* Article titles in AMA citation format should be in sentence-case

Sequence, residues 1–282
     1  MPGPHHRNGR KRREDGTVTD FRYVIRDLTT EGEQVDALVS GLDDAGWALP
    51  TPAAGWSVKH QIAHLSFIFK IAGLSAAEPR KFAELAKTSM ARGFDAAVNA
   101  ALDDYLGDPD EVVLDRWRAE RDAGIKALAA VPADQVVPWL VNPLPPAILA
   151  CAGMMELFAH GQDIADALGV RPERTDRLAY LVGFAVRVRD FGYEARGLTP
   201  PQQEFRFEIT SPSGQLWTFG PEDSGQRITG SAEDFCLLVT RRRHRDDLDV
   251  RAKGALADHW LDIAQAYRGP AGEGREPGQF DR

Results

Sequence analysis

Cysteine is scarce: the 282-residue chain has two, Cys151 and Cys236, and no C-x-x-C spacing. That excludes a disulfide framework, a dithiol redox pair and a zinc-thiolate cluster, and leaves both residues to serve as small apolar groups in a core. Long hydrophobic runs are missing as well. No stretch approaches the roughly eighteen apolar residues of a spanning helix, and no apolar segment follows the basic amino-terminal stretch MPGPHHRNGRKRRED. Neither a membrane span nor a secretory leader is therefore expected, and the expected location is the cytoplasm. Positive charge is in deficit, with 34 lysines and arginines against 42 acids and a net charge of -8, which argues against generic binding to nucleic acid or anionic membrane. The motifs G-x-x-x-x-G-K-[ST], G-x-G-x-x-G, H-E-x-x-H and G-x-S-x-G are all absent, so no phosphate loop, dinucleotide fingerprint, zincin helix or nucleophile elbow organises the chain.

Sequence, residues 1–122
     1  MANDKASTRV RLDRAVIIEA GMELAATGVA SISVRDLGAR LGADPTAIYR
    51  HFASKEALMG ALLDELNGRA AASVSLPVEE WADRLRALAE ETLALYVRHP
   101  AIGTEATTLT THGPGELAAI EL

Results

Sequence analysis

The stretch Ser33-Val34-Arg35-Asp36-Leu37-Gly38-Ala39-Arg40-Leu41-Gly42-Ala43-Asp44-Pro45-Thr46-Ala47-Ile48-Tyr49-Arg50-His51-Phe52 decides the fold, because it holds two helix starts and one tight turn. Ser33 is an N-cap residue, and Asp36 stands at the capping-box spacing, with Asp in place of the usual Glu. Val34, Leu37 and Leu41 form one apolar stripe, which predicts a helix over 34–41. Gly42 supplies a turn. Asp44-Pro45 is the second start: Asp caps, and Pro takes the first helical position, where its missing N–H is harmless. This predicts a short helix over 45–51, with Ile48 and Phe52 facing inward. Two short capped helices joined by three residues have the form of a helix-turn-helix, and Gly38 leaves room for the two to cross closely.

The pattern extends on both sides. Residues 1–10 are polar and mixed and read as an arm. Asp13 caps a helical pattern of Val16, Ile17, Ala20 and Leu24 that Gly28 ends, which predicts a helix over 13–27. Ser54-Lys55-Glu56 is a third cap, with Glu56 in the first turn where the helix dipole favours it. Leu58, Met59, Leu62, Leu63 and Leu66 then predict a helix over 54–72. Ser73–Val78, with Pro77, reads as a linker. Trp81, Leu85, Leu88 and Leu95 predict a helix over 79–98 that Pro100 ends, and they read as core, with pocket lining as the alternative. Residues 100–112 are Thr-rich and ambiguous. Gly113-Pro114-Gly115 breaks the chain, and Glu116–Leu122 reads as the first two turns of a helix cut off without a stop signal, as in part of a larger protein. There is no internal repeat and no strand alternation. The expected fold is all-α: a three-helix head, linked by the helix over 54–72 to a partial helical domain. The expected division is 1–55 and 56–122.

TY - JOUR T1 - Development of a food-exchange model to replace saturated fat with MUFAs and n-6 PUFAs in adults at moderate cardiovascular risk. AU - Weech,Michelle, AU - Vafeiadou,Katerina, AU - Hasaj,Marinela, AU - Todd,Susan, AU - Yaqoob,Parveen, AU - Jackson,Kim G, AU - Lovegrove,Julie A, Y1 - 2014/04/09/ PY - 2014/4/11/entrez PY - 2014/4/11/pubmed PY - 2014/7/8/medline SP - 846 EP - 55 JF - The Journal of nutrition JO - J. Nutr. VL - 144 IS - 6 N2 - The recommendation to reduce saturated fatty acid (SFA) consumption to ≤10% of total energy (%TE) is a key public health target aimed at lowering cardiovascular disease (CVD) risk. Replacement of SFA with unsaturated fats may provide greater benefit than replacement with carbohydrates, yet the optimal type of fat is unclear. The aim of the DIVAS (Dietary Intervention and Vascular Function) study was to develop a flexible food-exchange model to investigate the effects of substituting SFAs with monounsaturated fatty acids (MUFAs) or n-6 (ω-6) polyunsaturated fatty acids (PUFAs) on CVD risk factors. In this parallel study, UK adults aged 21-60 y with moderate CVD risk (50% greater than the population mean) were identified using a risk assessment tool (n = 195; 56% females). Three 16-wk isoenergetic diets of specific fatty acid (FA) composition (%TE SFA:%TE MUFA:%TE n-6 PUFA) were designed using spreads, oils, dairy products, and snacks as follows: 1) SFA-rich diet (17:11:4; n = 65); 2) MUFA-rich diet (9:19:4; n = 64); and 3) n-6 PUFA-rich diet (9:13:10; n = 66). Each diet provided 36%TE total fat. Dietary targets were broadly met for all intervention groups, reaching 17.6 ± 0.4%TE SFA, 18.5 ± 0.3%TE MUFA, and 10.4 ± 0.3%TE n-6 PUFA in the respective diets, with significant overall diet effects for the changes in SFAs, MUFAs, and n-6 PUFAs between groups (P < 0.001). There were no differences in the changes of total fat, protein, carbohydrate, and alcohol intake or anthropometric measures between groups. Plasma phospholipid FA composition showed changes from baseline in the proportions of total SFAs, MUFAs, and n-6 PUFAs for each diet group, with the changes in SFAs and MUFAs differing between the groups (P < 0.001). In conclusion, successful implementation of the food-exchange model broadly achieved the dietary target intakes for the exchange of SFAs with MUFAs or n-6 PUFAs with minimal disruption to the overall diet in a free-living population. This trial was registered at clinicaltrials.gov as NCT01478958. SN - 1541-6100 UR - https://www.unboundmedicine.com/medline/citation/24717370/Development_of_a_food_exchange_model_to_replace_saturated_fat_with_MUFAs_and_n_6_PUFAs_in_adults_at_moderate_cardiovascular_risk_ L2 - https://academic.oup.com/jn/article-lookup/doi/10.3945/jn.114.190645 DB - PRIME DP - Unbound Medicine ER -